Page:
Fining BART holds no one accountable

How does fining BART $210,000 make the system safer for workers or passengers?

BART revenues come from the fare box and the taxpayers. BART will simply absorb the $210,000 by increasing fares, eliminating service or reducing maintenance.

Compensation for board members, BART administrators or, for that matter, anyone actually responsible for the workers' deaths will not be affected.

Fining public agencies for safety violations holds no one accountable.

Robert W. Nichelini

Oakland

Did police consider collateral damage?

At around 9 p.m. on April 22, a BART train I had just boarded in the downtown Berkeley BART station was held up for from 20 to 30 minutes by police action, about which we were told nothing.

I only know that the station was soon full of police; I frankly do not know whether they were BART police or Berkeley police. We were repeatedly told to remain on the train.

Finally, the driver, who had apologized several times for the delay, announced that we would be able to leave the station as soon as the police completed a sweep of the train. Then three policemen walked through the car, each of them carrying a semi-automatic weapon. This terrified me. In what circumstances would they have opened fire in a crowded BART car with those weapons?


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Wouldn't this have almost certainly caused collateral damage, which could have included damage to me as well as other random passengers?

Diane Ames

El Cerrito

Flag at top of tower should be replaced

My wife and I attended opening day for the Oakland A's. We stayed at the Marriott.

How appalling it was to look out the window and see the American Flag in tatters on the top of the Tribune Tower.

Someone should read up on etiquette for displaying flags. Torn flags are a disgrace.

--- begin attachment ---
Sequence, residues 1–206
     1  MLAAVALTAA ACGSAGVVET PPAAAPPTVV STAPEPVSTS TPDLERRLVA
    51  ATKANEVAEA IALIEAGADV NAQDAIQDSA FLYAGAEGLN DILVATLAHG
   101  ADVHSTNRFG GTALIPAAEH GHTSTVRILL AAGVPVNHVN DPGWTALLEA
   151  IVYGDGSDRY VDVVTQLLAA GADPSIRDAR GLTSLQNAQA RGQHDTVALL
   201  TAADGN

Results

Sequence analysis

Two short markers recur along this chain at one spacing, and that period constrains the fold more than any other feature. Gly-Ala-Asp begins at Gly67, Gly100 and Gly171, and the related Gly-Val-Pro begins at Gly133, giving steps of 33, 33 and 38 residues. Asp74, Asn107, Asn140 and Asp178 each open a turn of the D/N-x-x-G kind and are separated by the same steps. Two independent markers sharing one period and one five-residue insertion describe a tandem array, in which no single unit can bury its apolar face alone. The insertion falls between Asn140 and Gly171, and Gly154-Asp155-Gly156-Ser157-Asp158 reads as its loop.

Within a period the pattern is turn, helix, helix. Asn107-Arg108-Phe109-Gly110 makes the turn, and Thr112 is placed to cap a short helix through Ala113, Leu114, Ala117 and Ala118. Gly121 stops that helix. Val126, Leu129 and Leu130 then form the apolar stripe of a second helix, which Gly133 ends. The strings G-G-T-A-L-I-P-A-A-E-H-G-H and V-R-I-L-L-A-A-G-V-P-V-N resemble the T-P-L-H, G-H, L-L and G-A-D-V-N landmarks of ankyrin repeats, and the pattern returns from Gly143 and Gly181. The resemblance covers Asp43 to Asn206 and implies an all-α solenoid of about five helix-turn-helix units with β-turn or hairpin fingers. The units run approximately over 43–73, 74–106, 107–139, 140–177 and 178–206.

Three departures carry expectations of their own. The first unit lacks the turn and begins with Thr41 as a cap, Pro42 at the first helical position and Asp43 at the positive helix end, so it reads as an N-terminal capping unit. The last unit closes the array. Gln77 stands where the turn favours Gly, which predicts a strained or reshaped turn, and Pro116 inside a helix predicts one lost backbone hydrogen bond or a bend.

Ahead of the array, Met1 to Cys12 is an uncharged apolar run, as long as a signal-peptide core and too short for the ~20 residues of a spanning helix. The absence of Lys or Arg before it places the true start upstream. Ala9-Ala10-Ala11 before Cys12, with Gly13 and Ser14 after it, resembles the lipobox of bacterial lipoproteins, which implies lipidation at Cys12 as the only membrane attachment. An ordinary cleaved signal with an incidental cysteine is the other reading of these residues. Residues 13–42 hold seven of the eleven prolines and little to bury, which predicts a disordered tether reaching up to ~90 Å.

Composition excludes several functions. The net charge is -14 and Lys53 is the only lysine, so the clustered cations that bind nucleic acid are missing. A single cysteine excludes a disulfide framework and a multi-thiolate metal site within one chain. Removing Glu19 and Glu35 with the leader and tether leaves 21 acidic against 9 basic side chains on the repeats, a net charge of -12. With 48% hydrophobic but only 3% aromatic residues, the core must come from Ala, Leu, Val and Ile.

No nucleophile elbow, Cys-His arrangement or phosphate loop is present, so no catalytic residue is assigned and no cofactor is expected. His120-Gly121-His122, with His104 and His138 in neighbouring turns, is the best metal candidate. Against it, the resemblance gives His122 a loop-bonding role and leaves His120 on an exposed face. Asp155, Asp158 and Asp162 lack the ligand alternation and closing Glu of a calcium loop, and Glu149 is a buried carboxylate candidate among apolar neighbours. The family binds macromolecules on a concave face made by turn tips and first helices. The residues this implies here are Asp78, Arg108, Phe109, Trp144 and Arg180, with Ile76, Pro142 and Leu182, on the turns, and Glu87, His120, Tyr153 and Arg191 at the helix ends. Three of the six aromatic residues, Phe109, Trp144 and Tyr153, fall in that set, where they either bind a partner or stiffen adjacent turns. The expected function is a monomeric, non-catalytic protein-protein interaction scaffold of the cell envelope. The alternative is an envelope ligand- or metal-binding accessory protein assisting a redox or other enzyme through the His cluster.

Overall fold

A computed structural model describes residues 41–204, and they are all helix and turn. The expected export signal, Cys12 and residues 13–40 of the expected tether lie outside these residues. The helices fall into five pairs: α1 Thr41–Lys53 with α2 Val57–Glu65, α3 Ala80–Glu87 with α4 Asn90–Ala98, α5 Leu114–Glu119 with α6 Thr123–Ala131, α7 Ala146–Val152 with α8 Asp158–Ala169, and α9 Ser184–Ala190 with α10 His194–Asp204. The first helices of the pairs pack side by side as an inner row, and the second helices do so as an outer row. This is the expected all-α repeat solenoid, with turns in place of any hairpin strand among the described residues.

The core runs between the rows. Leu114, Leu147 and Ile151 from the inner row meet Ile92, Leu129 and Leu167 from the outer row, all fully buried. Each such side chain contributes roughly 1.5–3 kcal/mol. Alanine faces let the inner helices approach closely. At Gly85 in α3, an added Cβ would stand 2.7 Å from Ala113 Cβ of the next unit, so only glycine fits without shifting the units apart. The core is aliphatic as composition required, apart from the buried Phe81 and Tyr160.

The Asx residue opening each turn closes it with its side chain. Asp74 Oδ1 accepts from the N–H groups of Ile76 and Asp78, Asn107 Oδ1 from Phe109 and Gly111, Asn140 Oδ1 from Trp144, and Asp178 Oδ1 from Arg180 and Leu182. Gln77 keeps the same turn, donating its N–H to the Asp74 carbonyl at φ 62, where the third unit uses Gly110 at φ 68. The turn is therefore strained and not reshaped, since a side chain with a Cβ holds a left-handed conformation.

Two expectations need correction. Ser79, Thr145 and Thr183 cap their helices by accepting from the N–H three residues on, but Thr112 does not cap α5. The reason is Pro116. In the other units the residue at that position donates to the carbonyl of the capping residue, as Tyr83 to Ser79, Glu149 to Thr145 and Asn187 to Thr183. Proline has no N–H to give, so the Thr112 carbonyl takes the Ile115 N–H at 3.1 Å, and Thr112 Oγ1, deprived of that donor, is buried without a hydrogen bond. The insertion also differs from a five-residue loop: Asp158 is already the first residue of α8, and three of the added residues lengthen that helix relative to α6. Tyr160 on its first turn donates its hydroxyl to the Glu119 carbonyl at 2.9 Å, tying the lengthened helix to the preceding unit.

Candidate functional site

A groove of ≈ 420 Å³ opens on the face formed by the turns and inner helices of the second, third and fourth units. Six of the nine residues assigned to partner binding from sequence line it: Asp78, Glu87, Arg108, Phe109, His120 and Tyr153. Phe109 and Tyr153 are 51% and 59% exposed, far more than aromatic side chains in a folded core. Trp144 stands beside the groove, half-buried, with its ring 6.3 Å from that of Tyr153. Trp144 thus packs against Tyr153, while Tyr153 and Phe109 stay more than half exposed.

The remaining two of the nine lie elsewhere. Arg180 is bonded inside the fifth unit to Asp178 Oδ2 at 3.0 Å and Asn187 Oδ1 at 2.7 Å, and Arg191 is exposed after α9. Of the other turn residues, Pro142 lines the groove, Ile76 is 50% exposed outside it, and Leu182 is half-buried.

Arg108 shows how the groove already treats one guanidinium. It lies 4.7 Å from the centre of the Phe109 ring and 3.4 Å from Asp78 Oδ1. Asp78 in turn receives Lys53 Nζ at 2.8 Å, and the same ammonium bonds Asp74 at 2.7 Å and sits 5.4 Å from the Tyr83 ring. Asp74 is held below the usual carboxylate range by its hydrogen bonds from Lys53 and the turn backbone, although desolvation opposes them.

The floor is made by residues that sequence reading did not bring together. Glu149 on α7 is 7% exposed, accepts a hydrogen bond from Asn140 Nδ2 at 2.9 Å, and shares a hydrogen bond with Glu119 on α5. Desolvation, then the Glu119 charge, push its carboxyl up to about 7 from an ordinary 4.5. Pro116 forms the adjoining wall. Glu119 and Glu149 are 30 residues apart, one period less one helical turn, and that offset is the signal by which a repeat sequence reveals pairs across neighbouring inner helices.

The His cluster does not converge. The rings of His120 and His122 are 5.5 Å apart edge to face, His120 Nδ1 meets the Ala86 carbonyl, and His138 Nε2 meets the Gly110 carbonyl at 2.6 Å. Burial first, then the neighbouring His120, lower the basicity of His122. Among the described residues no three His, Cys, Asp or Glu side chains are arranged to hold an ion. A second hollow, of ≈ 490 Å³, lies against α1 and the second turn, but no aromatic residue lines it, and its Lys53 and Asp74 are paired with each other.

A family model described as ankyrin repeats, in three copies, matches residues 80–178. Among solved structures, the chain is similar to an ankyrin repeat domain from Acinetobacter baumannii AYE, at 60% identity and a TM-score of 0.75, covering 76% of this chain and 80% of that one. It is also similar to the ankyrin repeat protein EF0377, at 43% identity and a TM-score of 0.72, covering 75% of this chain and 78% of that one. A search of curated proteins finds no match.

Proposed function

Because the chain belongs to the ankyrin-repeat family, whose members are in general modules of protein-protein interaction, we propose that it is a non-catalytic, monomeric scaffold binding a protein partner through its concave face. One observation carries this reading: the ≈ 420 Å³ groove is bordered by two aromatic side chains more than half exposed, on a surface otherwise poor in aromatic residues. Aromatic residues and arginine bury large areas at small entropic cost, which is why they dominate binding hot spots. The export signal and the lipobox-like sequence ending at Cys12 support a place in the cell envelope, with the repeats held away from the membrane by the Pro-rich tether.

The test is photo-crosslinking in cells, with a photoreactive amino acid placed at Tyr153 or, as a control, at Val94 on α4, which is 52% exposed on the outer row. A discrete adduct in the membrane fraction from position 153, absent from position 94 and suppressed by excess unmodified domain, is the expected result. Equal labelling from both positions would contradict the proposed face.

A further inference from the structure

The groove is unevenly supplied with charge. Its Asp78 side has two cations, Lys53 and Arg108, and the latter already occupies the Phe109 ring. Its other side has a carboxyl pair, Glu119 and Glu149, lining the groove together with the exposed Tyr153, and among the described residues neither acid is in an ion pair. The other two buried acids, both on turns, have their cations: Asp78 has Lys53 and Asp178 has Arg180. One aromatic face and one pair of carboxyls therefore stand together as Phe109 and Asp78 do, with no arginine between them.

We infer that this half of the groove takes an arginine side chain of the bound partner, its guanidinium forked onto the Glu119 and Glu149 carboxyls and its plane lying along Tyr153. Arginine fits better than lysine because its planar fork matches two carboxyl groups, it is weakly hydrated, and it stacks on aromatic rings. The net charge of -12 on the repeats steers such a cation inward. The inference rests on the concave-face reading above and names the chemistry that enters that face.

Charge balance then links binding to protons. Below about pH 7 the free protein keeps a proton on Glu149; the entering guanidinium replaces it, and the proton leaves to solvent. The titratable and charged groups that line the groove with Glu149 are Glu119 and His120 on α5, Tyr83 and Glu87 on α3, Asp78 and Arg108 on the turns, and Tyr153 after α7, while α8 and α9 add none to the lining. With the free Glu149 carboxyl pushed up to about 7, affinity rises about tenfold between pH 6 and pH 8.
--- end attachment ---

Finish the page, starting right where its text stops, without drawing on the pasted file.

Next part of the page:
Gary Fosburg

Grass Valley

Honeybees are vital to environment's health

Research has shown in the last decade there is a decline in honeybees. The need for honeybee colonies is important. We as human beings depend on honeybees for various resources.

In Europe and in the United States, there have been reports of annual declines of hives.

I was proud to have read in the article "Oakland a welcome haven for city bees" about the workers of the building not calling an exterminator.

As stated in the article, a couple years back they probably would have had someone exterminate the honeybees.

It is a time where people want to have goods that are locally grown. Planting urban gardens is becoming a priority for people who are conscientious of the environment.

What fascinated me about the article are the people in the community using urban beehives. People still fear bees but they have changed their perception of them as a very important part of the ecosystem that is in need of growth in population.

Alberto Salinas

Oakland

Can't turn blind eye to higher care costs

Recently, I went to Kaiser for a routine X-ray for my lower back. Since I am on Medicare and Senior Advantage, I believed that the cost would remain at $30. Wrong. The cost was $45 and I went into sticker shock.

This prompts the question as to why the increase, and why was I, like so many other seniors on Medicare, not informed?

When one of my doctors moved to San Leandro, I received an email and a letter. But no such information about increases about medical care.

Seniors on fixed incomes will truly suffer due to lack of communication and, therefore, cannot plan or budget for increases.

Was this ever a consideration when Obamacare -- or the euphemism The Affordable Care Act, was implemented? Is this the beginning of the single-payer system for everyone and Medicare will be eliminated?

This is the beginning of our worst nightmare: higher co-pays, higher prices for medication, higher prices for basic exams and X-rays, and fewer and fewer health care professionals, not to mention long lines and raffles and lottery tickets for appointments.

The writing is on the wall, and we cannot turn a blind eye to the fallout of Obamascare.

Anita Imazumi

Hayward